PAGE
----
Shakespeare called her "an arrant thief" who had snatched her pale fire from the sun. ee cummings wondered whether she was a "a balloon, coming out of a keen city in the sky, filled with pretty people". She has shaped our language. When people ask for something unattainable, she is what we accuse them of metaphorically demanding. The mentally deranged are said to howl at her.
"She" is, of course, the moon. And Earth's original satellite will be abnormally large this weekend. Tomorrow we will witness a phenomenon known as the "supermoon", whereby our planet's nearest neighbour will be closer than at any time in 18 years.
It is no wonder, given the influence the moon has always exercised over the creative parts of our brains, that bizarre theories are already circulating about what impact this will have on Earth. Science says this is nonsense. According to Jim Garvin of Nasa, "the combination of the moon being at its closest to Earth in its orbit, and being in its full moon configuration, should not affect the internal energy balance of the Earth".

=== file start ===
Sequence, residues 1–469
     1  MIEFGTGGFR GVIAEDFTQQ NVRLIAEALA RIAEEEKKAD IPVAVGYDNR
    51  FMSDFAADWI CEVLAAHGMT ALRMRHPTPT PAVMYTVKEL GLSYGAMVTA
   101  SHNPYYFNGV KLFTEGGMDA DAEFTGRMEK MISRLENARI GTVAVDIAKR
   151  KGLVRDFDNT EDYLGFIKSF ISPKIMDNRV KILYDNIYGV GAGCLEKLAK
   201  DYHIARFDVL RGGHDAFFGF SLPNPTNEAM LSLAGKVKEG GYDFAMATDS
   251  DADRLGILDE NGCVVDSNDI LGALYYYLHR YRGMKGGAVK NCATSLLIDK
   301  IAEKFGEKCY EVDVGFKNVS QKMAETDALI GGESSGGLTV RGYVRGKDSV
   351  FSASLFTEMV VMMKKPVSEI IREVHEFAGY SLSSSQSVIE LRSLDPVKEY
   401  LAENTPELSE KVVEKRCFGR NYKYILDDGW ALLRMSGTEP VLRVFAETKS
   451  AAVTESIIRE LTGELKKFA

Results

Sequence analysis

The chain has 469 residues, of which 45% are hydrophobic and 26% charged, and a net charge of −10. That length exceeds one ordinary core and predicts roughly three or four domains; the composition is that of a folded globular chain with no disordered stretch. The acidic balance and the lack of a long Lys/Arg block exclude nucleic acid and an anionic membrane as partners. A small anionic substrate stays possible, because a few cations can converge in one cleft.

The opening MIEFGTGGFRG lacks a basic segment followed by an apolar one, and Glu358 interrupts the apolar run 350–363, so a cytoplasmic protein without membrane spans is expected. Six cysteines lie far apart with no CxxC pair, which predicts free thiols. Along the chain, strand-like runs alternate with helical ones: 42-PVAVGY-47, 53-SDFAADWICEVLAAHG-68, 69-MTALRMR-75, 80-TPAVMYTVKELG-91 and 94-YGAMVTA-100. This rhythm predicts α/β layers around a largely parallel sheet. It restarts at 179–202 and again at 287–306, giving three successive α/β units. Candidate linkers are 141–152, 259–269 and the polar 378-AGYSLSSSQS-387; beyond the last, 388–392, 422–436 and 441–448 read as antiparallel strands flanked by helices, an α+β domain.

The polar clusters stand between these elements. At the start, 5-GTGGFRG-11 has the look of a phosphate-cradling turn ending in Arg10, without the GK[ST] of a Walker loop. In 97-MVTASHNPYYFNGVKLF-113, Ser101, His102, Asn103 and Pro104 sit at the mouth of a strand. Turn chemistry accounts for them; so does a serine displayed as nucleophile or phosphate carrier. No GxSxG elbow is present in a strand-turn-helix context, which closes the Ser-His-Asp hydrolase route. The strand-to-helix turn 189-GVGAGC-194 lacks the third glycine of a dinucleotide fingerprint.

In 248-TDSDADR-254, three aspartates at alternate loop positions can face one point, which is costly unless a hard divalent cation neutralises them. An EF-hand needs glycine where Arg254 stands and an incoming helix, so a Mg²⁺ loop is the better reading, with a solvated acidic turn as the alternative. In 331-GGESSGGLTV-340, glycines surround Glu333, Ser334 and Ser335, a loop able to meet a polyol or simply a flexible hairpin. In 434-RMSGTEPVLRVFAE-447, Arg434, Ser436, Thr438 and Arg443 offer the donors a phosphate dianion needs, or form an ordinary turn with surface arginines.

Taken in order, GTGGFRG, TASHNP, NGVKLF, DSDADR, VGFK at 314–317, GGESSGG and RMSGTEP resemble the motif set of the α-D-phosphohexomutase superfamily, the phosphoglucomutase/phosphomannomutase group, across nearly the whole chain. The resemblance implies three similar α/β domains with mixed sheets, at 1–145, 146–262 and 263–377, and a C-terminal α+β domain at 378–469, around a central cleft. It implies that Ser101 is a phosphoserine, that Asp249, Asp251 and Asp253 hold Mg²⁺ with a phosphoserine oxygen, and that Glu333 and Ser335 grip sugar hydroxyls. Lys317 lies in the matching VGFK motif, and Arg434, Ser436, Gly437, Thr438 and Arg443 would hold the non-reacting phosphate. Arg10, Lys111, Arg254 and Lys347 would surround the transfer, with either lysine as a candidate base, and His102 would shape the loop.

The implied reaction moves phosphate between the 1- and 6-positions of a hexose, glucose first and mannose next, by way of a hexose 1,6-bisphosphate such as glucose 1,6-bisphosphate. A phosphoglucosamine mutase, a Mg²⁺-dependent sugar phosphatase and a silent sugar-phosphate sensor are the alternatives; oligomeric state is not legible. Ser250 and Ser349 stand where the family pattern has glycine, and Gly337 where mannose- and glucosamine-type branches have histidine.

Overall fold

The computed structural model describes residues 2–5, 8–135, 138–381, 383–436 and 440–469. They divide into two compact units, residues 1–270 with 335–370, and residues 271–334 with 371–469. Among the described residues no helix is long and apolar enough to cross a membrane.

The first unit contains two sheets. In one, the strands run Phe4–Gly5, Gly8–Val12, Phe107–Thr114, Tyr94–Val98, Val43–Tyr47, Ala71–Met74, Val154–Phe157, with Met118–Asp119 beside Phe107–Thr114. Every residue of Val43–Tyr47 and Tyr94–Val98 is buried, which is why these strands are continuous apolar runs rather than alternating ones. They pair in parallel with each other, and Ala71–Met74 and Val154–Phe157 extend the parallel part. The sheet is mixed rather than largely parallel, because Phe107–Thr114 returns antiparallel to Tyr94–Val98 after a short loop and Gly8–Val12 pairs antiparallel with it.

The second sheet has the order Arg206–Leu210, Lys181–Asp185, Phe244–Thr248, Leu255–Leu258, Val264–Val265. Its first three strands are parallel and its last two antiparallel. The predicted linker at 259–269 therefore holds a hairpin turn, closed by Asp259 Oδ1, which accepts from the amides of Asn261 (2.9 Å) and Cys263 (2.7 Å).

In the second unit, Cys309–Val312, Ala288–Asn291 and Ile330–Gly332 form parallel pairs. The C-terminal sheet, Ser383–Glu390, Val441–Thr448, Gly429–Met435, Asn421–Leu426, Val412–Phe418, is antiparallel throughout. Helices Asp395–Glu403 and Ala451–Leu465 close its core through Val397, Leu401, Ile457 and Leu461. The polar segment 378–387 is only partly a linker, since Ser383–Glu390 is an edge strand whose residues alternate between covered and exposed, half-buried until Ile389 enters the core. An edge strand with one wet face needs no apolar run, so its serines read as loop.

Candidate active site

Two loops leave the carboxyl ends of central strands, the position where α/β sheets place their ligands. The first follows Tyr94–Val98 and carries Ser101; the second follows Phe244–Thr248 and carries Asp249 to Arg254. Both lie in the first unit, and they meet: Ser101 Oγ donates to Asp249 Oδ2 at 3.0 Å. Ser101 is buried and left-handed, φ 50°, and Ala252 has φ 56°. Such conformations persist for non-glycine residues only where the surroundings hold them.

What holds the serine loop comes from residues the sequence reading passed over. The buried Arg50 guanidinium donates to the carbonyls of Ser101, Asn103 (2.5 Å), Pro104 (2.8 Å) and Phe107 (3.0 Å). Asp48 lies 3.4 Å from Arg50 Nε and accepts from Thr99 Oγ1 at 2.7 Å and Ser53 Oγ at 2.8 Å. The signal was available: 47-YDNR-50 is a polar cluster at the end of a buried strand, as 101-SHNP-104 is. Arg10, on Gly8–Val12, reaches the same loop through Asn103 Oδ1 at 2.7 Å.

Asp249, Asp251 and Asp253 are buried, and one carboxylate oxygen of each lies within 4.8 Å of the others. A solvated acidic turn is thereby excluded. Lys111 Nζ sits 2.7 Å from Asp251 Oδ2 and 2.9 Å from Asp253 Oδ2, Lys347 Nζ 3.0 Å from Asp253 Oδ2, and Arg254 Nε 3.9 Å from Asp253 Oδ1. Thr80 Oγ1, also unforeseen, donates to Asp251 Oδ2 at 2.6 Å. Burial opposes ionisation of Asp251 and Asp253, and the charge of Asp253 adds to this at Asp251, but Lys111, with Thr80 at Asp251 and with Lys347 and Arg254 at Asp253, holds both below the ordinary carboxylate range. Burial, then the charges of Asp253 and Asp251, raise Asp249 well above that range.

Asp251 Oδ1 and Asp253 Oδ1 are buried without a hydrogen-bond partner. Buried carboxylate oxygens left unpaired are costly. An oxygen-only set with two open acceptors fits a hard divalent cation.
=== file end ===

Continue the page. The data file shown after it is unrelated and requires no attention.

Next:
So will the astrologers listen? "Three things cannot be long hidden," said the Buddha "the sun, the moon, and the truth." Alas, we fear he might have been overoptimistic. In which case, allow us to wish everyone a happy supermoon.Reuse content